Comprehensive Scientific Literature Review on Wind Turbines and Human Health Now Published


November 26, 2014

Ottawa, Ontario – November 26, 2014 – The Canadian Wind Energy Association (CanWEA) is pleased to announce the publication of a new report commissioned through the Massachusetts Institute of Technology (MIT) in early 2014 that provides  a comprehensive and multidisciplinary review of scientific literature on wind turbines and human health. This latest review, entitled “Wind Turbines and Health: A Critical Review of the Scientific Literature”, has been peer reviewed and published online in the Journal of Environmental and Occupational Medicine. It is an open access document, freely available for download.

CanWEA funded this project through a grant to the Department of Biological Engineering of MIT. In accordance with MIT guidelines, CanWEA did not take part in editorial decisions or reviews of the manuscript. MIT conducted an independent review of the final manuscript to ensure academic independence of the commentary and to eliminate any bias in the interpretation of the literature. All six co-authors also reviewed the entire manuscript and provided commentary to the lead author for inclusion in the final version.

The review addresses the following three questions:

  1. Is there sufficient scientific evidence to conclude that wind turbines adversely affect human health? If so, what are the circumstances associated with such effects and how might they be prevented?
  2. Is there sufficient scientific evidence to conclude that psychological stress, annoyance and sleep disturbance can occur as a result of living in proximity to wind turbines? Do these effects lead to adverse health effects? If so, what are the circumstances associated with such effects and how might they be prevented?
  3. Is there evidence to suggest that specific aspects of wind turbine sound such as infrasound and low frequency sound have unique potential health effects not associated with other sources of environmental noise?

The major findings and conclusions of this literature review are consistent with the findings of most of the more robust epidemiological studies in the area of wind and health, including the recently released Health Canada summary.  The MIT review includes the following summary of the authors’ conclusions:

  1. Measurements of low-frequency sound, infrasound, tonal sound emission, and amplitude-modulated sound show that infrasound is emitted by wind turbines. The levels of infrasound at customary distances to homes are typically well below audibility thresholds.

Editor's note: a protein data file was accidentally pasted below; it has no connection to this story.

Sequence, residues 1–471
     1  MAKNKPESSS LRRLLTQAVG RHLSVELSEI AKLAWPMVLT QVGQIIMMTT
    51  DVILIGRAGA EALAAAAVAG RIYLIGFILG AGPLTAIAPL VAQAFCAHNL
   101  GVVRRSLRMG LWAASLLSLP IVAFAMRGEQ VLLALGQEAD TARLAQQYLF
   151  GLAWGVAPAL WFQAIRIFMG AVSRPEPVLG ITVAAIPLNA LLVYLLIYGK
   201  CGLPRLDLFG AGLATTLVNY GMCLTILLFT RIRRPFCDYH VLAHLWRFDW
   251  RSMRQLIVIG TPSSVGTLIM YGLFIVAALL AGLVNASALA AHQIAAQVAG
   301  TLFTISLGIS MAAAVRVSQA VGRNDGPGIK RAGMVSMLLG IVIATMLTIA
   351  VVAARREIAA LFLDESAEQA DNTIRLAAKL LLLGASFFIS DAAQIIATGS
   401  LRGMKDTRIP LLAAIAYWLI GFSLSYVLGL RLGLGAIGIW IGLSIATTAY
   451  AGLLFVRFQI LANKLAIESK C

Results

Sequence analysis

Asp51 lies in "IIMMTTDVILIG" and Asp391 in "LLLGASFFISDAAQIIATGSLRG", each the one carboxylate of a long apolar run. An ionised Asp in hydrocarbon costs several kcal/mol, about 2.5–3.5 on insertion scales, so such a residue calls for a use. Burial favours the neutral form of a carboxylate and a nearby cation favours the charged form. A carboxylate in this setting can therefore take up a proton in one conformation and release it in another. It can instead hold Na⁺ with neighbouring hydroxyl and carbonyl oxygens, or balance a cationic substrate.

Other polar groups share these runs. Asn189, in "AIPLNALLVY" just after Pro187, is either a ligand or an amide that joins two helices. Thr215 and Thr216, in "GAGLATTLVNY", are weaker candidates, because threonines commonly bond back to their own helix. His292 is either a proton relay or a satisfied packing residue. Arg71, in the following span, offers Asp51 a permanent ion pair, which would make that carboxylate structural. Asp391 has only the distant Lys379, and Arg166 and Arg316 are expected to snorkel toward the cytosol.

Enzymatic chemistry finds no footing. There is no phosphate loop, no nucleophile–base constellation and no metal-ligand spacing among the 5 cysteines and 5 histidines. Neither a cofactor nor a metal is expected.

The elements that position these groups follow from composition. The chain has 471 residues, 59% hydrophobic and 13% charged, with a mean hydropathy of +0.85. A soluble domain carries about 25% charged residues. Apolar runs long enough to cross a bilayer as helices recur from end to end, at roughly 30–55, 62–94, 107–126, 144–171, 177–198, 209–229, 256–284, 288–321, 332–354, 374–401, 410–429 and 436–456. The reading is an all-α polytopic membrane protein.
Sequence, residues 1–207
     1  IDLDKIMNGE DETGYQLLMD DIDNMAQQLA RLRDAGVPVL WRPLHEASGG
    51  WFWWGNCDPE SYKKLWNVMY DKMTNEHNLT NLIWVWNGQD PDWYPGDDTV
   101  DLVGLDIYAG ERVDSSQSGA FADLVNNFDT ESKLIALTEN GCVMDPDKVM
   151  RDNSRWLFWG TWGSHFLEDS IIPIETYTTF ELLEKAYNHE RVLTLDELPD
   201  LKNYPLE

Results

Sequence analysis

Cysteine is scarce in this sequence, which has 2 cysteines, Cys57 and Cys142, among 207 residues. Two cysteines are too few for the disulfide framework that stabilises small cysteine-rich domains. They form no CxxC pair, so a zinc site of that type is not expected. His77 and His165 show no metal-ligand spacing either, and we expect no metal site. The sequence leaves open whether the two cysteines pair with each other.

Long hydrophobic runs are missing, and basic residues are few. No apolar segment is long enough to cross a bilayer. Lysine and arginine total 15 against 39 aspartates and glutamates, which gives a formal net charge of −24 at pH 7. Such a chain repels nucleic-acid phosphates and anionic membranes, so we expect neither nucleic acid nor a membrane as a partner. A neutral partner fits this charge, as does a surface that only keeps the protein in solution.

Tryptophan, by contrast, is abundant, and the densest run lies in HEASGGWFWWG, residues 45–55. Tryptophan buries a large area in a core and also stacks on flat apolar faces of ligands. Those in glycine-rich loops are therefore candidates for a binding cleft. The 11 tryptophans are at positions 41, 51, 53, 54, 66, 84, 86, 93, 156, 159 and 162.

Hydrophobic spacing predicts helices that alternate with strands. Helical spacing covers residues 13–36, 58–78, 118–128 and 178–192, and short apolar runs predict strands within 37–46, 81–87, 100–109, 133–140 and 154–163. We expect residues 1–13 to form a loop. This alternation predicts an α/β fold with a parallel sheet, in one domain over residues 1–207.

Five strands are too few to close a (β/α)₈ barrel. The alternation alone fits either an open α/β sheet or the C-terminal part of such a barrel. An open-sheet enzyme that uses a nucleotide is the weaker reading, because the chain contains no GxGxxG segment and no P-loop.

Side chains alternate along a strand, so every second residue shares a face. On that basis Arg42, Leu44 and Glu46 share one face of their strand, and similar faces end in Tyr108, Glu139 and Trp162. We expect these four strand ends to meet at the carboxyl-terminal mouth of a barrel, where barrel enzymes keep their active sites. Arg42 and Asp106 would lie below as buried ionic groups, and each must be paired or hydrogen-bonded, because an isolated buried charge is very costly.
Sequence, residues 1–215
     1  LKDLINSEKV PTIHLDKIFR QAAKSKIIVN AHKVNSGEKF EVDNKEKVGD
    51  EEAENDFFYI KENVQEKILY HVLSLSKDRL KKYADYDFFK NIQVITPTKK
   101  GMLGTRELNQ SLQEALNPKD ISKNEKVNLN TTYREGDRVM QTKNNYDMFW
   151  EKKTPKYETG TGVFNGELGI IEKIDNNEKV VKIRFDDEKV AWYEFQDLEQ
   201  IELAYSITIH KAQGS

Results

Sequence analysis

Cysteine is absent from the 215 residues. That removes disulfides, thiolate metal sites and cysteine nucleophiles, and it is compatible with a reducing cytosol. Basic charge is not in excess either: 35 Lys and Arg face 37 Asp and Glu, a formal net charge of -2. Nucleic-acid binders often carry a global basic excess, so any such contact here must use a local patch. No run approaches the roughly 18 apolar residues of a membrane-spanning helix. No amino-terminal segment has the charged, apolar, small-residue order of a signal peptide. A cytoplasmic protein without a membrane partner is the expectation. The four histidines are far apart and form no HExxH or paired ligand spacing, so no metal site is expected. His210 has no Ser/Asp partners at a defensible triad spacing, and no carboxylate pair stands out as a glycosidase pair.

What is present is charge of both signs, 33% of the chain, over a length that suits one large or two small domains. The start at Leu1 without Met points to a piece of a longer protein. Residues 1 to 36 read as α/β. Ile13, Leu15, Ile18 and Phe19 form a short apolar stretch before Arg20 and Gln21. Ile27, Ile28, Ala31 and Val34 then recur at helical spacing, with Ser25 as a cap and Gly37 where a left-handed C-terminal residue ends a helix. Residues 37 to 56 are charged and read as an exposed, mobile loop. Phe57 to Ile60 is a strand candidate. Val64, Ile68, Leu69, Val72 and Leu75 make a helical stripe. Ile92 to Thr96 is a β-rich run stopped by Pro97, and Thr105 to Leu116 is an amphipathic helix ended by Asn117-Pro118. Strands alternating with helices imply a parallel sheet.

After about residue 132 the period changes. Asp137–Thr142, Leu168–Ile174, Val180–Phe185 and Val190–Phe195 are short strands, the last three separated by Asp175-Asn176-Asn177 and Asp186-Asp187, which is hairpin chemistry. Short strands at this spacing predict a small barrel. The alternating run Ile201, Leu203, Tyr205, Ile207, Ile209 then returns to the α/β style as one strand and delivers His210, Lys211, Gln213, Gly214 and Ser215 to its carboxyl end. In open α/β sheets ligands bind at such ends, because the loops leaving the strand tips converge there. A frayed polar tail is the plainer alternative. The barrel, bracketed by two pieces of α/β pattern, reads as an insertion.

2. No cohort or case–control studies were located in this updated review of the peer-reviewed literature. Nevertheless, among the cross-sectional studies of better quality, no clear or consistent association is seen between wind turbine noise and any reported disease or other indicator of harm to human health.
  3. Components of wind turbine sound, including infrasound and low frequency sound, have not been shown to present unique health risks to people living near wind turbines.
  4. Annoyance associated with living near wind turbines is a complex phenomenon related to personal factors. Noise from turbines plays a minor role in comparison with other factors in leading people to report annoyance in the context of wind turbines.

The MIT review provides an important contribution to our understanding of wind energy and human health for a number of reasons:

  1. The review included a comprehensive literature review of over 160 references.
  2. The review was prepared by a multidisciplinary team of co-authors with professional expertise in environmental medicine, epidemiology, acoustics, otolaryngology, clinical psychology and public health.
  3. The review is the first comprehensive review of peer-reviewed studies addressing measured levels of noise and its components, including low frequency noise, undertaken in the context of living in proximity to wind turbines.
  4. The review includes an up to date review of measurement techniques for assessing noise from wind turbines in accordance with international standards.
  5. The review includes an up to date analysis of epidemiology studies, including those published in the earlier part of 2014 that have assessed various health end points in the context of measured noise and calculated noise from wind turbines.
  6. The review addresses symptoms associated with the central nervous system, such as dizziness, vertigo and epilepsy, among others, that have been raised in the context of living near wind turbines. In addition, the review includes commentary on human studies that have evaluated effects related to exposures to low frequency sound and infra sound and proposed mechanisms of action.
  7. The review includes a review of individual risk factors, such as noise sensitivity and others that may affect how people respond to living near wind turbines.

“This document is an important new contribution to the scientific literature on wind turbines and human health and captures the advances in our scientific understanding since CanWEA first commissioned such a review five years ago”, says CanWEA president Robert Hornung. “We will continue to monitor scientific research in this area but it remains clear that the balance of scientific evidence to date continues to show that properly sited wind turbines are not harmful to human health and that wind energy remains one of the safest and most environmentally friendly forms of electricity generation.”

For more information, please contact:

Lejla Latifovic
Communications Specialist
Canadian Wind Energy Association
613-234-8716 Ext. 241